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The Inside Track | T.J. Simers

It's Quite a Day When This Tommy Rips Dodgers

December 01, 2005|T.J. Simers

I don't know the man as much as I know Tommy Hawkins' reputation, a gentleman, always the good soldier, a former Laker, broadcaster and for 18 years a loyal front-office employee of the Dodgers.

Hawkins, 68 now, retired a year ago, leaving the Dodgers as a vice president of his own accord. "No sour grapes," he said. "I never talked to [Frank] McCourt about staying. It was very comfortable for me to leave, no debriefings, no talk with lawyers or human resources, I was just going to leave."

So when the "The Big Show with Steve Mason and John Ireland" on 710 called Tuesday afternoon to ask his opinion on which franchise is in worse shape -- the Lakers or the Dodgers -- Hawkins said he could answer honestly with no bitterness.

"I'm a loyalist, but also a realist," he said. "I don't have to walk that tightrope anymore; I'm a free agent, a knowledgeable free agent with the opportunity to say things that I've never said before."

Then he told the Mason and Ireland radio audience, "I have never seen an organization in such disarray as the Dodgers.

"This is unbelievably bad," he continued. "Every time I see some of the decisions being made or some of the people that have been fired or some of the people that were brought into positions who have never spent one hour in baseball, I want to throw up."

Hawkins wasn't necessarily breaking new ground, but coming from someone known best for so long for correctly choosing his words, it was a shock.

"I was blown away," Mason said. "This is the nicest guy in the world; I've never heard him say anything bad about anyone, and this was as blistering an attack as I've heard. I guess it reflects how bad things have gotten there.

"When we were doing this show [a few years back], Tommy came in every single week, and while a lot of guys toe the company line on the air but are different off it, he toed the line both on and off the air. He [now] convinced me how rotten things have gotten there."

I called Hawkins on Wednesday to find out if he had any regrets or wished to retract his remarks, but instead he had more to say:

* On Jim Tracy's dismissal: "I threw my hands up in disgust. Why was it necessary he left? When you [McCourt] agree with someone [general manager Paul DePodesta] to get rid of Tracy and then a month later fire [DePodesta], tell me where is the logic there?"

* On the Dodgers' front-office situation: "You take what's being done in tickets, advertising, marketing, customer service, public relations, and it's about as disjointed as I have ever seen in any organization."

* On the dismissal of several low-level staff members: "These are hard-hat people that make an organization go. If you find out, please let me know why they were fired. I can't fathom why."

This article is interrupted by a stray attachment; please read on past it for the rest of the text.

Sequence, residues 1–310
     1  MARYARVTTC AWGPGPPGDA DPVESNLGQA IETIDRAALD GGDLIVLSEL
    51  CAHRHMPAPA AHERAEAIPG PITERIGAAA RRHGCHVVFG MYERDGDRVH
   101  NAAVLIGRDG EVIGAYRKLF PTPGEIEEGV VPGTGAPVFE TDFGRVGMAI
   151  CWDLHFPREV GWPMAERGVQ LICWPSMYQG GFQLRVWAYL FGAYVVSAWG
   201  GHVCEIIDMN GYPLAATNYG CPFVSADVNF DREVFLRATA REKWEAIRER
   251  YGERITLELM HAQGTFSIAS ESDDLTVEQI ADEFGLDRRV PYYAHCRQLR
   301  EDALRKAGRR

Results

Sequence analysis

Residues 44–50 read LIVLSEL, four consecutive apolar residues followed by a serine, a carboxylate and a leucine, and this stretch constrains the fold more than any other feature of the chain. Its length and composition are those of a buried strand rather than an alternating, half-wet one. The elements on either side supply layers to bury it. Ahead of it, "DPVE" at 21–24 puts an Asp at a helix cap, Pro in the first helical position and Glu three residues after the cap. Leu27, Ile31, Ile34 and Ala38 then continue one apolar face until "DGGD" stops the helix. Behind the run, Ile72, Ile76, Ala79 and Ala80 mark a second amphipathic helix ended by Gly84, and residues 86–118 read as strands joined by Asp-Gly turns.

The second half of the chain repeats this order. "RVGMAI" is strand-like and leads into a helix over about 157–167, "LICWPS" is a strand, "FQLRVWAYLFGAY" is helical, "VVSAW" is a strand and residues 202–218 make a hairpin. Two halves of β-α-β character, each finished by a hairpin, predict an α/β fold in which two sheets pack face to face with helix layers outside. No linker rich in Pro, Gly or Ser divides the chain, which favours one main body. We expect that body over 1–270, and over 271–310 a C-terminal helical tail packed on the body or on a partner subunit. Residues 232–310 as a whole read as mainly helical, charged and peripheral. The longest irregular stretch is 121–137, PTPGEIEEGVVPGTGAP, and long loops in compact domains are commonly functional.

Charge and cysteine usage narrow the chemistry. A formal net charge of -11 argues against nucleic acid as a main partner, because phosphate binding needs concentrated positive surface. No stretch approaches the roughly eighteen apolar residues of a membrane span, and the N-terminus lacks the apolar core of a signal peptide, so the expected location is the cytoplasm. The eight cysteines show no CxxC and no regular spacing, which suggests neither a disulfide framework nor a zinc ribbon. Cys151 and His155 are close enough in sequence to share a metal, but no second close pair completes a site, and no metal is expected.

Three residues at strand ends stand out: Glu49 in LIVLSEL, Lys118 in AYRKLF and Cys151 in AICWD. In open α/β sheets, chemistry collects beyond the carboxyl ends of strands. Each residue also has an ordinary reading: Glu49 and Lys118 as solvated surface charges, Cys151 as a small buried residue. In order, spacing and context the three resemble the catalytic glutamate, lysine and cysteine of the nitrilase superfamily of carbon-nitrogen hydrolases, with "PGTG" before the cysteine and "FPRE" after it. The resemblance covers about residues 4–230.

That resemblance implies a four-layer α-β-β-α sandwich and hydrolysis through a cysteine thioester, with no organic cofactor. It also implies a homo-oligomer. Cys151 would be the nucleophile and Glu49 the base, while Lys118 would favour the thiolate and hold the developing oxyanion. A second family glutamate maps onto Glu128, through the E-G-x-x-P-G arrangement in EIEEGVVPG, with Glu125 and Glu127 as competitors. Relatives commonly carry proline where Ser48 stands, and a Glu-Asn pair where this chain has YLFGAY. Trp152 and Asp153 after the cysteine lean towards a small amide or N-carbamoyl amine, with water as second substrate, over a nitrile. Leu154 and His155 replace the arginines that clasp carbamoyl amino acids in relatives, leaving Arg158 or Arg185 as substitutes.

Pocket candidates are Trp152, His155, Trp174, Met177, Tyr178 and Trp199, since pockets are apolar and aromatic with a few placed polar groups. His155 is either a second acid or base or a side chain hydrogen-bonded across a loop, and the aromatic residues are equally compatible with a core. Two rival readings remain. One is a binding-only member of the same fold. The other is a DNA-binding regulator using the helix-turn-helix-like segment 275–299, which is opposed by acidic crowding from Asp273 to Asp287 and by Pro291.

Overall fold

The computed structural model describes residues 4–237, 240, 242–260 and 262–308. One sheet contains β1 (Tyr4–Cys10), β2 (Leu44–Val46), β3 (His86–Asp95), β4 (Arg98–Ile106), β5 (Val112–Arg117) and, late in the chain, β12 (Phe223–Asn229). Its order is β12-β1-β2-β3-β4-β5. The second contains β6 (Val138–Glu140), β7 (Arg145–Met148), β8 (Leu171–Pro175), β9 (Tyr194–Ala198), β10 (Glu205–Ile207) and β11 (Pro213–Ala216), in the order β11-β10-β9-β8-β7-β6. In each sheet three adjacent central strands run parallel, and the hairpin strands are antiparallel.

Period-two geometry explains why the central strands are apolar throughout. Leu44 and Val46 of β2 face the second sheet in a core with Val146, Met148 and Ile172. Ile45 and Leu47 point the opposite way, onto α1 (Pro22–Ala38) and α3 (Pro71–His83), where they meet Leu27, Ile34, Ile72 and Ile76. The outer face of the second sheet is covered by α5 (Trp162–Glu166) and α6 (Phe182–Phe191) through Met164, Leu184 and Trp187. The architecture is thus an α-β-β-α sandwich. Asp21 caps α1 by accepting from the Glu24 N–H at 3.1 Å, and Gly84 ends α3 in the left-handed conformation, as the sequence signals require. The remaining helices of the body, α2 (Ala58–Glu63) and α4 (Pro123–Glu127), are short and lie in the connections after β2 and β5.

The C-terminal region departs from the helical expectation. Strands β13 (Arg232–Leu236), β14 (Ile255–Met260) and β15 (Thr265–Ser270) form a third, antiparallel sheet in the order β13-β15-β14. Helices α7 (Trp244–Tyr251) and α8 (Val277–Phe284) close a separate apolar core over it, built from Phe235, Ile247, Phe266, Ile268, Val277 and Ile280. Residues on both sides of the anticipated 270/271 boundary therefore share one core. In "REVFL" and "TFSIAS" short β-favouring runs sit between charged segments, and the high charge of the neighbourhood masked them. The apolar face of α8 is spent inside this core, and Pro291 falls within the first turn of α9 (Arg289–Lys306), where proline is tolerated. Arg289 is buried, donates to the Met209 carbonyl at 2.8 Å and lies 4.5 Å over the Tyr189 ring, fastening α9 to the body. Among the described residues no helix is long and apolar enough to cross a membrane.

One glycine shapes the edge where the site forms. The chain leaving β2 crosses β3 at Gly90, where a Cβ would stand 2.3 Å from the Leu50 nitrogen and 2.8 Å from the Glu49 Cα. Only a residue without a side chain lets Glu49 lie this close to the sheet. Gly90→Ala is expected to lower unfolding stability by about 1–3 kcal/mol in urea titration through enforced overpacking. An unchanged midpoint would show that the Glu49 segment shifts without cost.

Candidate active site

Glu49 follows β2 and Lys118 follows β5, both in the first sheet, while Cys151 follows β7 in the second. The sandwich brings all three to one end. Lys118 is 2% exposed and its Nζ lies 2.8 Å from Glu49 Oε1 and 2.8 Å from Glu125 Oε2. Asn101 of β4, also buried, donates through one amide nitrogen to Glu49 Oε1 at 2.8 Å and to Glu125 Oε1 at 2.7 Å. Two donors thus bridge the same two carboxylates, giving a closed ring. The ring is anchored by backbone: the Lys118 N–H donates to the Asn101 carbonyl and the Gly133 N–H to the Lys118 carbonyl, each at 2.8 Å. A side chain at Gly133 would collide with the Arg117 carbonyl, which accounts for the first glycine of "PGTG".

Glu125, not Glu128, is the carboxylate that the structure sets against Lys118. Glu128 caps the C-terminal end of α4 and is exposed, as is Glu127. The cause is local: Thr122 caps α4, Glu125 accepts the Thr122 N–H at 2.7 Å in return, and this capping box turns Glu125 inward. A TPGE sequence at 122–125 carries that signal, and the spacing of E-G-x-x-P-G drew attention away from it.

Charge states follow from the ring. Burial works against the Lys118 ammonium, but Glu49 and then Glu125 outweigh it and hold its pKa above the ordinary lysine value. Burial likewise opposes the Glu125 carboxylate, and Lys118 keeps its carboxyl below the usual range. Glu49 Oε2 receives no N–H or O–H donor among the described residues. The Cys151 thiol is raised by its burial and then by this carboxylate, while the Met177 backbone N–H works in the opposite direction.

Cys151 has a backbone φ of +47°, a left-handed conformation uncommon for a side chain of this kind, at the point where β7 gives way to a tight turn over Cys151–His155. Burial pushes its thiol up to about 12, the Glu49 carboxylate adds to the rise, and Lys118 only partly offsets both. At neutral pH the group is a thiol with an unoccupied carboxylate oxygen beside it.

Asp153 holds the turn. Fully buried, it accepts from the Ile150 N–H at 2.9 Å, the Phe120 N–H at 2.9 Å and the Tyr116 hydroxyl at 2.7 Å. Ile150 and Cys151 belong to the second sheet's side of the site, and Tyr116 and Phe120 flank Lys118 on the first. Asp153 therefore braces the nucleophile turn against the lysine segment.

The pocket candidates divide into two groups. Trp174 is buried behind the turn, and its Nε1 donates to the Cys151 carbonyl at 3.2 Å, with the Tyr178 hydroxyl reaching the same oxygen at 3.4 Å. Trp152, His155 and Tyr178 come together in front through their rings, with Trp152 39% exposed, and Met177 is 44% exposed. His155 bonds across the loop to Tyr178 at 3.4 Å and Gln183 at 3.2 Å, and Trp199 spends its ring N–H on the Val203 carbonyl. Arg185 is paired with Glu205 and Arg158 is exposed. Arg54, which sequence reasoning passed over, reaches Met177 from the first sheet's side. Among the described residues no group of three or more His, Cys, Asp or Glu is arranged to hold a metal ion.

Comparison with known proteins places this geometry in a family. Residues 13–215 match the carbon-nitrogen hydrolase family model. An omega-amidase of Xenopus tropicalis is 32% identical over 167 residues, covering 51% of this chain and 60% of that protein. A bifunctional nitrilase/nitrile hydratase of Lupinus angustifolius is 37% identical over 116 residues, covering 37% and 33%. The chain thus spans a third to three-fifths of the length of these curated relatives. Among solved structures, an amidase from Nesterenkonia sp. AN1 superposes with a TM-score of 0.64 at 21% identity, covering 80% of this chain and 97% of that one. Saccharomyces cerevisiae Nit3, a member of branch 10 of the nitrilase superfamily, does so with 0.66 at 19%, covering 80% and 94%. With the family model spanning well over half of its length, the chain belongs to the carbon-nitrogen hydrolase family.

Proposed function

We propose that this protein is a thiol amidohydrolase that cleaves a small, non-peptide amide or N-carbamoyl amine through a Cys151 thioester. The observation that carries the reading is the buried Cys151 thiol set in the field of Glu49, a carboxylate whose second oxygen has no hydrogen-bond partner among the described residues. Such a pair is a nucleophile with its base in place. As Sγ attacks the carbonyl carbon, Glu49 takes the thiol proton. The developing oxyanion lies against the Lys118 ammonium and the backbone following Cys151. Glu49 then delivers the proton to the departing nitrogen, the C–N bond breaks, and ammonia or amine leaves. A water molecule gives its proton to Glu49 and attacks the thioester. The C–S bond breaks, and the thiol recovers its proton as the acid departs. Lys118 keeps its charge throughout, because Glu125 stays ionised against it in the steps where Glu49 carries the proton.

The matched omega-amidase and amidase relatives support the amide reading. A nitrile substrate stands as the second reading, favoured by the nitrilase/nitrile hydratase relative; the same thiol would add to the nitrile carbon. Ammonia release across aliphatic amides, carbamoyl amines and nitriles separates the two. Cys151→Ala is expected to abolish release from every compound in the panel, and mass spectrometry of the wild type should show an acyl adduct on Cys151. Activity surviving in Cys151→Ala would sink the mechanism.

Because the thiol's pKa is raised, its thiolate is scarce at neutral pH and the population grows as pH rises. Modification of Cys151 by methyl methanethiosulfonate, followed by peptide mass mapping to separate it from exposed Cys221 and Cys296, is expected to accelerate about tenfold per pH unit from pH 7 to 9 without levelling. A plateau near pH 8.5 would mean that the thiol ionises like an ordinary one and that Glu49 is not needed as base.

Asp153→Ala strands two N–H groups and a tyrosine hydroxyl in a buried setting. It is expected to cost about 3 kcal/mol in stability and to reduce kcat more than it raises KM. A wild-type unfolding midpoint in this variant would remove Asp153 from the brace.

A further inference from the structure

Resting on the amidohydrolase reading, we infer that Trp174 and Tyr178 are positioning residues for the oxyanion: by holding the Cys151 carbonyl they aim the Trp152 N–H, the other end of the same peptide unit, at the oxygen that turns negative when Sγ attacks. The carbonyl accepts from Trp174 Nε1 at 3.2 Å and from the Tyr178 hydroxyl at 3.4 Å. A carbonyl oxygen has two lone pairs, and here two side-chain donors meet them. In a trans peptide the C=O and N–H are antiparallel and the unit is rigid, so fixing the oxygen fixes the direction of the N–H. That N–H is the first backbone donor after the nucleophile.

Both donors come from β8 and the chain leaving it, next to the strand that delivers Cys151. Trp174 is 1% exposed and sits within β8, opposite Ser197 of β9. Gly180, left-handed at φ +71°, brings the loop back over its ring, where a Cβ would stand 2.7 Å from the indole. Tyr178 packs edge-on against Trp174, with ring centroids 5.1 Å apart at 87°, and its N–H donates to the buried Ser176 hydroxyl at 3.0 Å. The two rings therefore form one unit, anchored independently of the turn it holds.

* On Peter O'Malley: "What I loved about him was his total concern for talent. He'd always tell us lieutenants, I want people who have backgrounds immediately applicable to bettering this organization. I didn't see that with Fox, and haven't seen it with the McCourts."

* On the McCourts' dismissing people at every level: "They wiped out history. There's some pomposity there. They came in believing they had the right idea and could do it their own way, and now they've hit the wall. Then they go out and hire all these efficiency [and crisis management] experts who haven't spent an hour in baseball either."

A day earlier on the radio, he had said, "I don't care how much money you make, when you come into this position and [have] never been there before, you have a three-year learning curve before you can make these tough decisions.... You just don't become Peter O'Malley, or because you have bucks or Fox lends you $230 million."

I called the Dodgers for rebuttal, and Jamie McCourt responded. As soon as I picked myself up off the floor, we chatted.

"It's incredibly hurtful Tommy would say such negative things," she said. "There's no question we're in the process of turning this ship around. We've hired Ned Colletti [as general manager], and it's clear we'll be headed in the right direction. He's about to hire a manager. I think everybody will be happy with the progress that's going to be made.

"Nobody was happy with last year," she continued. "It was incredibly disappointing. None of us want to see that happen again."

I complimented her on being almost coherent, suggested she must have gotten a good night's sleep, and she laughed. She said we'd have to do lunch again.

Maybe I'll invite Hawkins to join us.


NANCY HART e-mailed to say her husband had suffered a stroke in January. "This is his first attempt at writing anything lengthy since the stroke," she wrote. "It is a major step for him."

And so TODAY'S LAST word comes from John "Jack" Hart:

"After college graduation and marriage I was fortunate enough to father two wonderful children, one of whom played Little League baseball. Later I was appointed manager of the Intermediate (5-8 year old) Dodgers. The best player in our league was Gary Roenicke, older brother of Angels third base coach Ron. Both Ron and Gary remain friends of my son, Steve. I'd like to alert McCourt to Gary's potential as a field manager. I suspect Gary is catching his limit of trout somewhere in Colorado or Idaho, but Ron could probably reach him."

Now why would you want to ruin the poor guy's life?


T.J. Simers can be reached at To read previous columns by Simers, go to

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